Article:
Hospices Increasingly Invest in Environmental Sustainability

More hospices are going green, making short-term investments to cultivate long-term sustainability.

While some environmental initiatives come with substantial upfront costs, providers expect to see returns through reduced energy and fuel costs, as well as recruitment and retention in some cases.

Among these companies is Agrace Hospice & Supportive Care, which unveiled an initiative last October to become carbon neutral by 2025, according to President and CEO Lynne Sexten.


“Strategies evolve as an organization’s carbon neural effort matures,” Sexten told Hospice News in an email. “In the early years, organizations like Agrace purchased carbon offsets as they implement other, more complicated plans that require extra time and financial resources.”

Established in 1978, Agrace provides hospice and palliative care in southern Wisconsin. The nonprofit’s other services include personal care, adult day services and grief support.

By reducing its carbon footprint, Agrace aims to cut down greenhouse gas emissions through investments in renewable energy and building improvements — including retro-commissioning existing building infrastructure and installing roof-top solar panels.


Agrace has also begun the process of converting its fleet of durable medical equipment delivery trucks to electric vehicles. Local sourcing for meals delivered to patients and families also contributes to lowering the hospice’s overall carbon emissions.

Indirectly, environmental initiatives can also give hospices an edge when it comes to recruitment and retention, according to Sexten.

“There is huge interest and support for these initiatives among staff. It is an important piece of our culture when it comes to engagement and retention,” Sexten said. “It also contributes to the overall impression job seekers get about Agrace.”

Agrace is not the only hospice making an effort to go green.

Amedisys, Inc. (NASDAQ: AMED) also has environmental initiatives in the works. The company has established a Net Zero Climate Transition Plan with an aim to achieve net zero greenhouse gas emissions from operations by 2050.

Last year, the home health and hospice company released its first Environmental, Social and Governance (ESG) report that included data on its 2021 energy consumption as a benchmark.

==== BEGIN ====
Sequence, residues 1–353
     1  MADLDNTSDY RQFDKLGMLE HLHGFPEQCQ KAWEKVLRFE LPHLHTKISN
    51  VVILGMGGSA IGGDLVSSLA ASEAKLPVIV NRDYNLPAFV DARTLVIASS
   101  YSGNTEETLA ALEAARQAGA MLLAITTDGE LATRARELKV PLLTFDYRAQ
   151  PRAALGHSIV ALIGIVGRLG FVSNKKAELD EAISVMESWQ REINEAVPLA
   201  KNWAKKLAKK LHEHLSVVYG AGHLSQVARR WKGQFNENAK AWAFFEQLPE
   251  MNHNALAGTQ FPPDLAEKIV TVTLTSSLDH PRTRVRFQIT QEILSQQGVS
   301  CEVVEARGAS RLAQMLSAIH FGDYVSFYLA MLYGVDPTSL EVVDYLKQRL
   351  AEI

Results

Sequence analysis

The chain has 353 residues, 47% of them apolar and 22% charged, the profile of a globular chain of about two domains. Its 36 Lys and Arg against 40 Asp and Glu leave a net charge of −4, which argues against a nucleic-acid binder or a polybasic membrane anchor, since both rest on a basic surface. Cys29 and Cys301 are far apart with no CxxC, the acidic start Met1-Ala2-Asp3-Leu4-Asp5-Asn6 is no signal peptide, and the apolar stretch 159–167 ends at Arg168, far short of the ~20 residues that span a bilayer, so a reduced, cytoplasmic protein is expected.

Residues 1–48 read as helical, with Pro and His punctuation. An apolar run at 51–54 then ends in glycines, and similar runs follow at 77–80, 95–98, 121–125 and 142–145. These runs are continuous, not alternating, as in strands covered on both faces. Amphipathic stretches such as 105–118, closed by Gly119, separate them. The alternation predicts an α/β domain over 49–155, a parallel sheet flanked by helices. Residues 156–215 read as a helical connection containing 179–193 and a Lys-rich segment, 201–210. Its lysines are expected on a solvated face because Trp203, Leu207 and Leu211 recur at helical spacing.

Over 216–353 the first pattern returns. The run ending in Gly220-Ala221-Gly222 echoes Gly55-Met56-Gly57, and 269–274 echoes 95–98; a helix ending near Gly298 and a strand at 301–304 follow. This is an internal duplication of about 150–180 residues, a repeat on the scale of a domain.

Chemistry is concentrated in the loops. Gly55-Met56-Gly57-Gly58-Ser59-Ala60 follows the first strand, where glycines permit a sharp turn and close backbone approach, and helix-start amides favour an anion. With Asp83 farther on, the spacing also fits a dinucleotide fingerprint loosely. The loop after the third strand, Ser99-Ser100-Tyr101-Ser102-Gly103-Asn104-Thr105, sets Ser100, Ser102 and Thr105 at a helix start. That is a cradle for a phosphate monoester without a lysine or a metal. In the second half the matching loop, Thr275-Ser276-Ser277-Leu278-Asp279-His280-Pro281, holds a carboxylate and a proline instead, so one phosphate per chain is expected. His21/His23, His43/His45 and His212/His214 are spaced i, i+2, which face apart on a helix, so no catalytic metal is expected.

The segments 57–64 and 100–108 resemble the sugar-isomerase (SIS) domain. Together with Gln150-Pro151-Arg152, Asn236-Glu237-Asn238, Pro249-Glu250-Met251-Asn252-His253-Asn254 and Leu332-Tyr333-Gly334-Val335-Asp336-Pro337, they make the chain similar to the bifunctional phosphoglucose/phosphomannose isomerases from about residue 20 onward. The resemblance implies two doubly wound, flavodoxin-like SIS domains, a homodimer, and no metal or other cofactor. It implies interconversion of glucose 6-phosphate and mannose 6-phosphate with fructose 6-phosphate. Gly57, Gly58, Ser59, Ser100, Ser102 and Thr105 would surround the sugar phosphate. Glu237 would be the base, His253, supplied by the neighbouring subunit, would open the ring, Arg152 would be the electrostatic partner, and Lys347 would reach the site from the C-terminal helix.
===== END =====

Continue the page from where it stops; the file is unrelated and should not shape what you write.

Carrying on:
Among the company’s goals is to evaluate emissions associated with its fleet of 2,000 employee vehicles, which predominantly consists of smaller cars with low fuel requirements, Amedisys indicated in the report.

The plan also includes renovations of its Baton Rouge, Louisiana, and Nashville, Tennessee, office locations, adding sustainable paint, automated lighting, recycled flooring and locally sourced materials.

“While we are not a carbon-intensive business, we still do everything in our power to reduce our impact on the environment — using resources efficiently, reducing waste and cutting our carbon emissions wherever possible,” the ESG report indicated.

In another example, Ohio-based Hospice of the Western Reserve began its sustainability journey in 2009 by forming an internal team dedicated to creating and implementing better environmental practices.

Dubbed the “Green Team,” the group is responsible for reviewing financial data around energy and utility consumption in order to identify opportunities for improvement across the organization.

To date, the effort has contributed to waste reduction and lower energy consumption, according to a 2019 report of the hospice’s efforts in Practice Greenhealth.

The hospice also implemented building renovations to include more efficient systems and equipment, recycled and repurposed materials and the purchase of more environmentally safe cleaning and sanitation products.

For example, sensors installed at its Ames Family Hospice House were projected to reduce costs associated with exterior and interior lighting by 61.4%, Hospice of the Western Reserve indicated in the report.

Hospice of the Western reserve did not respond to Hospice News’ attempts to connect, but the initiative has rippling impacts of sustainability beyond the organizations’ locations, according to CEO Bill Finn.

“Sustainable practices benefit the entire community,” Finn said in the report. “Sustainability, environmental stewardship, economic vitality and social responsibility are closely aligned with our mission to promote quality of life for our patients and families, and to leave a lasting legacy for future generations.”

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